Conservation of Angular Momentum is Dumbfounding

In summary, the conversation discusses the concept of conservation of energy and linear momentum, which are relatively easy to understand, but introduces the idea of conservation of angular momentum, which can be tricky to grasp. Two examples are given to explain this concept, one involving a stick with marbles and the other involving a collapsing gas cloud. The conversation also touches on the counterintuitive idea that even when one object is spinning and the other is moving in a straight line, the total angular momentum can still be zero. The experts in the conversation explain that this is because the angular moments of the two objects cancel each other out. The conversation ends with a discussion of the complexity of calculating the behavior of a collapsing gas cloud and how it would not start
  • #36
Regarding (a), "if I applied no external forces or torques to my system, and now the thing is spinning...", of the original post; sometime before T=1s, the experimenter compressed each of the springs with a required force, thus clearly, an external vector force (torque about the fulcrum) was indeed applied. Then at T=1s, the energy stored in the previously compressed springs were dissipated producing an equal and opposite torque about said fulcrum.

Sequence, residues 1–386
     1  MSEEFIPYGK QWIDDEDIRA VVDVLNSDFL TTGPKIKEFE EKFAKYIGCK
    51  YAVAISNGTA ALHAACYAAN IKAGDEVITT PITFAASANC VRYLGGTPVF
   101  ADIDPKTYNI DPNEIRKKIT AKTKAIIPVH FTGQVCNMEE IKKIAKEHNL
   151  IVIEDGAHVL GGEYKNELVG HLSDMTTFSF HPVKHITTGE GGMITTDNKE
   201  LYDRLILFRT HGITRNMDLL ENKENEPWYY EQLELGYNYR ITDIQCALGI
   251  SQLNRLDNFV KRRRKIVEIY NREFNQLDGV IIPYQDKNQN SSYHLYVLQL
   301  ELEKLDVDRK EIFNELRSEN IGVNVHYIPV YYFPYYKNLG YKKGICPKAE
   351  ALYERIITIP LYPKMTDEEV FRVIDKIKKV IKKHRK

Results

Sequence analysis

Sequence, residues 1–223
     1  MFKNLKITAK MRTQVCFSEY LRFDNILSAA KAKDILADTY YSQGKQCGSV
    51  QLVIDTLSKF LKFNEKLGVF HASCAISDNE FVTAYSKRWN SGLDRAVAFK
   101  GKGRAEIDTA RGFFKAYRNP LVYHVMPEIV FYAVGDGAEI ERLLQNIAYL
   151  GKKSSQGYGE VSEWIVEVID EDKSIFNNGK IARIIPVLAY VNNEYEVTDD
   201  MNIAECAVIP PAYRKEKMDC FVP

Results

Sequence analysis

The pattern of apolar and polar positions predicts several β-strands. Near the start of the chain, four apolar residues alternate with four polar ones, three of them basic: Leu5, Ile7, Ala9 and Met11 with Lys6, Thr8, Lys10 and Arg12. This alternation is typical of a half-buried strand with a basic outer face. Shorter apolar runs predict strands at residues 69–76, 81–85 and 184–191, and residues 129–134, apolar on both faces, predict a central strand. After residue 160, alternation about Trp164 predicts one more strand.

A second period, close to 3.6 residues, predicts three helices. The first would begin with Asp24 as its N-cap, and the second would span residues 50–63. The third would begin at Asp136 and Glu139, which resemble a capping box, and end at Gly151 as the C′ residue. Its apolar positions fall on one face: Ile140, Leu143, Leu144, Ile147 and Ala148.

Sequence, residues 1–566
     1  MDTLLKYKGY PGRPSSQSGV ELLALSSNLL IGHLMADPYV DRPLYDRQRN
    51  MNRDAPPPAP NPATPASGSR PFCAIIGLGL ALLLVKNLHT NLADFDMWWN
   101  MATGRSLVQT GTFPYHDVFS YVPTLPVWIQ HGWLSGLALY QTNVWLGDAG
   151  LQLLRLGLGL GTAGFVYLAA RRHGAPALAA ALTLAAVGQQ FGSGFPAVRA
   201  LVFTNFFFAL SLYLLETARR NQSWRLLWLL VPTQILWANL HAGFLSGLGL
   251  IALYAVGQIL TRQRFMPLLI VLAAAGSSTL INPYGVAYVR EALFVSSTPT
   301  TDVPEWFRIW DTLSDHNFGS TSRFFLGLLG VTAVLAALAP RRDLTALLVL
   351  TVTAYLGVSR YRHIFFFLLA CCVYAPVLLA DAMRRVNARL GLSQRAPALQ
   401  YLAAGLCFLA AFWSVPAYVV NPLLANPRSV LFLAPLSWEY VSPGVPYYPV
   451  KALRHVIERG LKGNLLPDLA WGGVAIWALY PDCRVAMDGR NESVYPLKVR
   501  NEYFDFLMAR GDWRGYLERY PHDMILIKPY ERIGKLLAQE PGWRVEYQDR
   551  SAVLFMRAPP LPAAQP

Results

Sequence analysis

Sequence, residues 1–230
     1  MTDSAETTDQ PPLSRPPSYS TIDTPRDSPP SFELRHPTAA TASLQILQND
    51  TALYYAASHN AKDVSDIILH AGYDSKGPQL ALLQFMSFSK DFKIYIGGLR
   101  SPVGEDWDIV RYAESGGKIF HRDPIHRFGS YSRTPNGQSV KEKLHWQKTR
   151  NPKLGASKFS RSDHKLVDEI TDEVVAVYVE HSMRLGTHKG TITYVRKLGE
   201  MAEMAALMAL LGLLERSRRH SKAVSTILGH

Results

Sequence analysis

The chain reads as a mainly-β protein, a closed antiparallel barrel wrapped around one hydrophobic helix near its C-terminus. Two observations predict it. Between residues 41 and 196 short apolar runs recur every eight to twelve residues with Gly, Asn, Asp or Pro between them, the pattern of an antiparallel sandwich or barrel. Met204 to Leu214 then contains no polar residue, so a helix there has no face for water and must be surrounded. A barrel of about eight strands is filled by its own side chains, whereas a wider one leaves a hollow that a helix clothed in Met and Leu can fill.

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  • #37
Brendan Graham said:
sometime before T=1s, the experimenter compressed each of the springs with a required force, thus clearly, an external vector force (torque about the fulcrum) was indeed applied.
Nonsense. One can compress a spring by pushing on both ends equally for zero net torque and zero net linear momentum imparted. In any case, the initial conditions for the exercise are what they are and include zero total angular momentum.
 

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